Is it time for the game of football in Australia to stop being petty and hypersensitive about post-match comments from A-League coaches?
It would appear so if the ridiculous fine imposed on Newcastle Jets coach Ernie Merrick for saying what he thought of VAR is anything to go by.
Merrick was fined $3,000 on Saturday for disparaging remarks about the video assistant referee after his side's 2-0 defeat to Perth Glory on January 27.
Merrick said in his peculiar sense of dry humour that "the guy in the VAR was having a cup of tea. He didn't have a chance to look at it. He probably fell asleep."
Merrick effectively was claiming that VAR was not doing its job.
Big deal. Isn't that what most of us are saying, anyway.
The point is if every Tom, Dick and Harry is allowed to express an opinion on a system that has caused more chaos and confusion in the competition than anything else, why cannot a club coach say the same thing?
Many in the media have been scathing in their criticism of a system that is essentially not working, because few people in the refereeing sector are qualified enough to make it work.
If Football Federation Australia were to complain about anything anybody wrote or said and demanded action, the governing body would be told in no uncertain terms which river they should jump into.
So why can't a coach complain about something that he sees is wrong (even if he is wrong), particularly since a referee's decision could conceivably cost him his job?
And especially since board member Heather Reid was not exactly complimentary in her unsolicited comments on sacked Matidas coach Alen Stajcic, was she?
If Reid could say what she said in public why can't Merrick say what he thinks of VAR when asked to comment on it without impunity?
I will not even attempt to dwell on the inconsistency surrounding the fines and general punishments imposed by FFA on the league's transgressors.
Yet fining a coach who is basically telling anybody who would care to listen that he disagrees with a referee's or VAR's decision is wrong and smacks of bruised egos.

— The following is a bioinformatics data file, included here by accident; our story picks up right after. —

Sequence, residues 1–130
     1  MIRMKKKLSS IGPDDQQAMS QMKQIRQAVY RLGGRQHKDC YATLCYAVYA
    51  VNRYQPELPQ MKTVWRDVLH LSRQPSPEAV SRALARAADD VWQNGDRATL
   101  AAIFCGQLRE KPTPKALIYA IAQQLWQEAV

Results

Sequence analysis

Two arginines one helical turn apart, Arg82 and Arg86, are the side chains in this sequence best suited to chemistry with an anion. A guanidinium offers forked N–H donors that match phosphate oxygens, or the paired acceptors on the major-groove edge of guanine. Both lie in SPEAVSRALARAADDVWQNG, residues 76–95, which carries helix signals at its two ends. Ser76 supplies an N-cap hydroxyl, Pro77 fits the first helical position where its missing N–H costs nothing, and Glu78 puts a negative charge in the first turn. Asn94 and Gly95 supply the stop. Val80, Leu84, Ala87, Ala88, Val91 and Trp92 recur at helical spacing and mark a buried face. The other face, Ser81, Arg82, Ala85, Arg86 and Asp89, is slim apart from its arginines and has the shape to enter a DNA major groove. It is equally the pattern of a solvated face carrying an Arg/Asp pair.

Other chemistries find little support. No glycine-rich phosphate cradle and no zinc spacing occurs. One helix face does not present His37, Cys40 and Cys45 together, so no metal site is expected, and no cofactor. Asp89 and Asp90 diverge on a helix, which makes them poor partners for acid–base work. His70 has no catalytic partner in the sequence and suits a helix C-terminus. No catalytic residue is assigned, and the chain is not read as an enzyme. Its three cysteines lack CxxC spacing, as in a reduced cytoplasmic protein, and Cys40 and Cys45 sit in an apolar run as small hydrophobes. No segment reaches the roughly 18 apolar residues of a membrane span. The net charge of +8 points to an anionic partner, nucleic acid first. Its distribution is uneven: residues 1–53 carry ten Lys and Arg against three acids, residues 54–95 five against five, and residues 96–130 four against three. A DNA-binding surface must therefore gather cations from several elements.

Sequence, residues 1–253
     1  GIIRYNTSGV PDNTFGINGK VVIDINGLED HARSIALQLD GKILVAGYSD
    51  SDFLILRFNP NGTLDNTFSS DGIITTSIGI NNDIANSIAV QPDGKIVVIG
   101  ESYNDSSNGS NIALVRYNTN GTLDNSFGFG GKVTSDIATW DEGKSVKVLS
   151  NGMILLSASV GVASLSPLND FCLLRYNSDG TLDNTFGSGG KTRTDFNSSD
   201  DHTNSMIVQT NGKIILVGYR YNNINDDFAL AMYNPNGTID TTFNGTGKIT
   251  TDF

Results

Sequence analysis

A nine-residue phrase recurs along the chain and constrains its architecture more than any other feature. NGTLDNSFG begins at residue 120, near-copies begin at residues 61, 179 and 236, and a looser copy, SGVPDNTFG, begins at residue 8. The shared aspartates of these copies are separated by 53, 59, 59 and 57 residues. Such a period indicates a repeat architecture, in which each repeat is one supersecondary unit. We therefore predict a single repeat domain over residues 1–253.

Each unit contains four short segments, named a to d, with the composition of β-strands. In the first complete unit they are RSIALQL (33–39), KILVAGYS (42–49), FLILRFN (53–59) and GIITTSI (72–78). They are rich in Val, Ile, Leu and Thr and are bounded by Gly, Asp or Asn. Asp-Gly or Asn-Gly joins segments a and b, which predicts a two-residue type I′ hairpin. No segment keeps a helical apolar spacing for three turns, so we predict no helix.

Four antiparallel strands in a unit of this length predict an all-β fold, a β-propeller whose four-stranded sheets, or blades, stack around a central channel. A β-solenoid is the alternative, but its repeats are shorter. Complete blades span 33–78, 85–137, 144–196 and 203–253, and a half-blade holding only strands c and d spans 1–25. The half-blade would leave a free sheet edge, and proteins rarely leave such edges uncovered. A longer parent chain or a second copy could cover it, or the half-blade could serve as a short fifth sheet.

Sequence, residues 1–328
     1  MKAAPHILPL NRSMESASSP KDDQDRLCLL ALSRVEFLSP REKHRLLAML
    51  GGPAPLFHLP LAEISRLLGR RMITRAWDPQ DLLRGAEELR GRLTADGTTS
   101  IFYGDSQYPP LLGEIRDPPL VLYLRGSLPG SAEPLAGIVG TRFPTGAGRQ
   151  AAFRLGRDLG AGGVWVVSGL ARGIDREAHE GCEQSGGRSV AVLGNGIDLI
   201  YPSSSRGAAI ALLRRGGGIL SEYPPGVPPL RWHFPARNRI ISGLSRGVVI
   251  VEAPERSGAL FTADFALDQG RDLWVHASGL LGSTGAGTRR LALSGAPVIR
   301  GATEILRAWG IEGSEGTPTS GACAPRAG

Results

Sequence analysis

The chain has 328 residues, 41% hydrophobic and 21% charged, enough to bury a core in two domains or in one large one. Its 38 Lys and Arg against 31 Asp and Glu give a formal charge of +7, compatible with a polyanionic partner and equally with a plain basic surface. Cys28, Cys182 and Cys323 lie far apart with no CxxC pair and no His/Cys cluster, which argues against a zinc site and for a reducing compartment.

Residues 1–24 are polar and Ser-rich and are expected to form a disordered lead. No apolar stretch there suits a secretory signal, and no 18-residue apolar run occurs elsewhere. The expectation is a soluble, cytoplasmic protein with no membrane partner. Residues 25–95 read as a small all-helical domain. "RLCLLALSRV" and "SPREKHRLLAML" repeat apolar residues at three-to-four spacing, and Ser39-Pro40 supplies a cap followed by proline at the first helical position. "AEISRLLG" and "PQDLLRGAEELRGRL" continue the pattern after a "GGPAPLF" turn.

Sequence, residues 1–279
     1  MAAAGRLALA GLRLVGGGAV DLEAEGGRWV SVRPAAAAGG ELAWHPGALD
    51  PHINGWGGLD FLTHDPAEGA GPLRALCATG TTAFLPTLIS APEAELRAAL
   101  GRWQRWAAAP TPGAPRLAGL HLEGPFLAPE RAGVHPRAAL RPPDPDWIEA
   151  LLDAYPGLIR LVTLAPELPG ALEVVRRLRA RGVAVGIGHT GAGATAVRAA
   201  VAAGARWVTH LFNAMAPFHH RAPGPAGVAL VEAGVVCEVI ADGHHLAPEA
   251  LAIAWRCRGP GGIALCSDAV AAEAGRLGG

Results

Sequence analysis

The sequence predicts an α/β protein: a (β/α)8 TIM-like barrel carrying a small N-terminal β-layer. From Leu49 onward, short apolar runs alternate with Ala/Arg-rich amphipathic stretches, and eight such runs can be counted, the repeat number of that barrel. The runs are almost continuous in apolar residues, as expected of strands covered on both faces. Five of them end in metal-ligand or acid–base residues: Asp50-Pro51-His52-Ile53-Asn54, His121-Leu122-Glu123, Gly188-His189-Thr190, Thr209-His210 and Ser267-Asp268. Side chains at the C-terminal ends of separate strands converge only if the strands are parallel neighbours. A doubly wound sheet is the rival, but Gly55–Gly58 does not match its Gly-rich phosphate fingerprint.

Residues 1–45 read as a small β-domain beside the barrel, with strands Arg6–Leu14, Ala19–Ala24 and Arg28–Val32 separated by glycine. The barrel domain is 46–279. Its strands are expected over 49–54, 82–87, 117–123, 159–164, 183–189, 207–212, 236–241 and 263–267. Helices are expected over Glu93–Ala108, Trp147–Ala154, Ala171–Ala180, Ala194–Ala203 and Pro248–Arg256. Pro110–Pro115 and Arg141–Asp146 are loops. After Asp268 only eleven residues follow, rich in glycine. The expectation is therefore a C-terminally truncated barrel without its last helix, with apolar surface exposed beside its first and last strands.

FFA have been under attack for decades for the way they are running the game.
Surely they should have enough of a thick skin by now to regard comments from an aggrieved coach with a pinch of salt.
The governing body would say that coaches should set an example by their behaviour.
But what's wrong with somebody telling somebody else to do their job properly - this happens in any sphere of life.
FFA would also say that if they allow coaches to be dismissive or disrespectful in their post-match press-conferences then they would give carte blanche to anybody with even the minutest of grievances or gripes to have a go at authority.
But again, what's wrong with complaining in order to set a higher standard?
It's not the end of the world.
Fans at large would dismiss comments from petulant coaches and treat them on face value if they are seen as silly excuses. So FFA should not be too alarmed or offended.
Alternatively, if coaches make post-match points that are seen as necessary and to the point, FFA should take them on the chin and get on with the job of rectifying the problem.
FFA are supposed to be very big on transparency.
Letting coaches speak their mind - as long as they are not abusive - is one way of carrying out their slogan.